“I’ve been struggling and homeless before and I’ve had to use some of the services around town, like the Neighbourhood Centre [Larder]. I’ve gone in for a meal and they have been lining up in front of me, and I’ve actually missed out.” Gray describes the gypsy kids as “a whole generation of ‘freegans’ who want everything for free.”
But others believe they’re just kids, pursuing a higher spiritual journey, for which Byron was built. According to the Arakwai Aboriginal elders, Byron Bay has been a sacred healing and fertility ground for over 20,000 years. For those who believe, Byron is an energetic vortex, with vast quantities of minerals and crystals underfoot, and ley lines — mystical alignments, making it a mecca for those in the market to find themselves.
Charlie (who declined to give his last name), a 34-year-old former dental technician, empathizes with the gypsy kids, because he’s on an odyssey himself. Mid-2015, he left the corporate world in Western Australia, his job, house and professional community, to join the protest against “insidious” invasions of the rights of Indigenous Australians.
“Some kids are on the streets because of drugs and alcohol, but a lot of them aren’t,” Charlie says. “Some are using them recreationally and for spiritual reasons, like taking magic mushrooms. They’re not just getting out of their neck. They’re making a connection with the infinite.”
Charlie mans Art in the Park “on every fine day,” perched on a blanket surrounded by pencils and paper, encouraging locals to make art and hang out. Charlie believes gypsy is a lifestyle, not a result of the world turning on the kids, but them on it.
“The general population has become far more disenfranchised, with the way the world in general is heading towards; they’re looking for alternatives,” Charlie says. “The irony is, these kids live the way we used to — a little bit like the original Australians.
“They still want what everyone else does,” Charlie adds, “companionship, love, food, shelter — and they can find that with each other.”
When not at camp or Larder, Kai will go to the library to download music on his Samsung, or stroll the beach aimlessly, if sufficiently buzzed. And there’s always drama to attend to, inevitable from a pack of teens who govern themselves. Stealing is the ultimate invasion of gypsy code, punishable by “a punch in the face.” But all is forgiven come nightfall, when the party starts.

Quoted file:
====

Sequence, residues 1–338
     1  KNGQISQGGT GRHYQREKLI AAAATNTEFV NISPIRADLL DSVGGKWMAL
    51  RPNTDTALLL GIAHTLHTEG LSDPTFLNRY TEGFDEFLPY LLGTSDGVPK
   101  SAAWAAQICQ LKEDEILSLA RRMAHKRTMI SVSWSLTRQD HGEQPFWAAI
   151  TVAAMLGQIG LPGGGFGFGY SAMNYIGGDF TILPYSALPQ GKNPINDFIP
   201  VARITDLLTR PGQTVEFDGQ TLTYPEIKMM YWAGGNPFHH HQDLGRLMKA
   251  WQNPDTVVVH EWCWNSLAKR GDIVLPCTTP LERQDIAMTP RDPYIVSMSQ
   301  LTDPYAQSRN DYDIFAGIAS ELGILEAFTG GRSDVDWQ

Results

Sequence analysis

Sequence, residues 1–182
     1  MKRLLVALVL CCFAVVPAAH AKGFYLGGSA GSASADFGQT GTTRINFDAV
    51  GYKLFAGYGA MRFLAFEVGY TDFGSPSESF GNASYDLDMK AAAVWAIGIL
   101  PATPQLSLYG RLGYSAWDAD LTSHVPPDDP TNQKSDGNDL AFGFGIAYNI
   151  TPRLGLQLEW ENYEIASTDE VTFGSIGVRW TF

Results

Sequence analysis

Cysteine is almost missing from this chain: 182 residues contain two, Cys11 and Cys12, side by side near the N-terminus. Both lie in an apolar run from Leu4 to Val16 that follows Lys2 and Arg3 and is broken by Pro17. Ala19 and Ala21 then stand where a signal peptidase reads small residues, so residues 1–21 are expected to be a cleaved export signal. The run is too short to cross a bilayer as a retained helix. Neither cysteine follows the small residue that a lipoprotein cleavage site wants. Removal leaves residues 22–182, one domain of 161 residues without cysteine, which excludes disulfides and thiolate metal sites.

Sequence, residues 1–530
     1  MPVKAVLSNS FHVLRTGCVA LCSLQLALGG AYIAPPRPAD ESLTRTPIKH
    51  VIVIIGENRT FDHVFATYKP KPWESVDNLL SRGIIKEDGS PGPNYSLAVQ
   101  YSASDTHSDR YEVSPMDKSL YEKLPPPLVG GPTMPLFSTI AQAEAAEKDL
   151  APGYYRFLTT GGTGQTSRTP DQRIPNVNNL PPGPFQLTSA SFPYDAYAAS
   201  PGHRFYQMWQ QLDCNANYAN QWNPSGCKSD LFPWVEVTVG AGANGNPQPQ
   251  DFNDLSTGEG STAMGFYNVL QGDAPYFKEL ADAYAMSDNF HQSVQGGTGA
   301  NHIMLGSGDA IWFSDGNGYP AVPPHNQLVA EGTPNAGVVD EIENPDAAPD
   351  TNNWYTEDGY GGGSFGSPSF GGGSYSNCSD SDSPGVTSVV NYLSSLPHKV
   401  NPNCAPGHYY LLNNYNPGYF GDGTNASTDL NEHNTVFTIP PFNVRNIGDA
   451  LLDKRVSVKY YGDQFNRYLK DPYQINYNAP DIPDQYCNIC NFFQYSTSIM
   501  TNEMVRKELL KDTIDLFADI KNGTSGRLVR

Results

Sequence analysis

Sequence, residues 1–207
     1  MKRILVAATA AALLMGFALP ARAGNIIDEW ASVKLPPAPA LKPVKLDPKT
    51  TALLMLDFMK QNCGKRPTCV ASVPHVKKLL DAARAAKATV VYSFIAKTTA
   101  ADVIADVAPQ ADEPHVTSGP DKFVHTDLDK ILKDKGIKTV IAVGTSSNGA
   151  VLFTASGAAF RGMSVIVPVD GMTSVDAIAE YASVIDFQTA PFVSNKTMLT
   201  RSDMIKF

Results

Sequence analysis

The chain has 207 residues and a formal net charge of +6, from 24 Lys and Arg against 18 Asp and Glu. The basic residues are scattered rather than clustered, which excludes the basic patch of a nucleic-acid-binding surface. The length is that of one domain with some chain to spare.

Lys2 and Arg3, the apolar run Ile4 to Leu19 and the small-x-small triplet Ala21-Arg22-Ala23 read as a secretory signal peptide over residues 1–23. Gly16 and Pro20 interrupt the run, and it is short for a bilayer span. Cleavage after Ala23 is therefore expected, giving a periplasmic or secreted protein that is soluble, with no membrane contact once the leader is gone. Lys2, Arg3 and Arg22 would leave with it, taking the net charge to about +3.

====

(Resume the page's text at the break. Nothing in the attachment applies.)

“Everyone hangs out at night and drinks. I don’t drink. I just stick with weed,” Kai says, but he made an exception when he celebrated his twentieth birthday in May at camp. “I got drunk, and then stoned. Passed out, woke up, did it all again the next day.”
Drug and alcohol dependency grease the hamster wheel of gypsy life. Welfare is paid fortnightly: the Youth Allowance rate, for persons under 21 and living away from home, is $853.60 per month (USD $620) and more, if one supplies an official rental agreement. Food is easy to come by in Byron, with the BBQ on Friday in the park, and the community center reheating frozen meals on request.
Unlike their big city counterparts, Byron’s homeless youths don’t beg. If they want it, they go after it. “I don’t like money. Never have. Don’t want to even think about it,” said Kai. The million-dollar Byron housing market doesn’t lure him.
“I’m going to live like this for a while. For years,” he says. “If not here, then back in the dunes in Queensland, or New Zealand. Wherever.”
Summer arrives in Byron not by smell, or sound, but movement. As the rich prepare their homes forrenters, the gypsy kids move about town, snatching a few weeks of anonymity before town explodes with tourists. One afternoon in early December, a group of them, led by Kai, strolled into the Byron Bay Library, a common rendezvous point for the gypsy kids. Behind him came a girl of no more than fifteen, with braces, hair and nails thick with dirt, swimming in a pullover much too large to be her own. She plonked down onto a seat, relieving her pocket of rolling tobacco — White Ox, the standard-issue tobacco in New South Wales prisons. The rainbow boy rigged his phone and charger, then hers, to the power outlet on the desk. Their shoeless feet tapped as they scrolled their phones.
From behind the girl, a man swooped her White Ox off the table, and made for the door. She screamed after him by name, through frustrated tears, until he was out of sight.
“Don’t worry,” Kai soothed her, “he’s an arsehole. Everybody knows that. Let’s go back to camp.” Soon, the offending man reappeared, dropped the pouch on the table and left. The girl rolled her eyes, wiping away her last tear. This is how families are.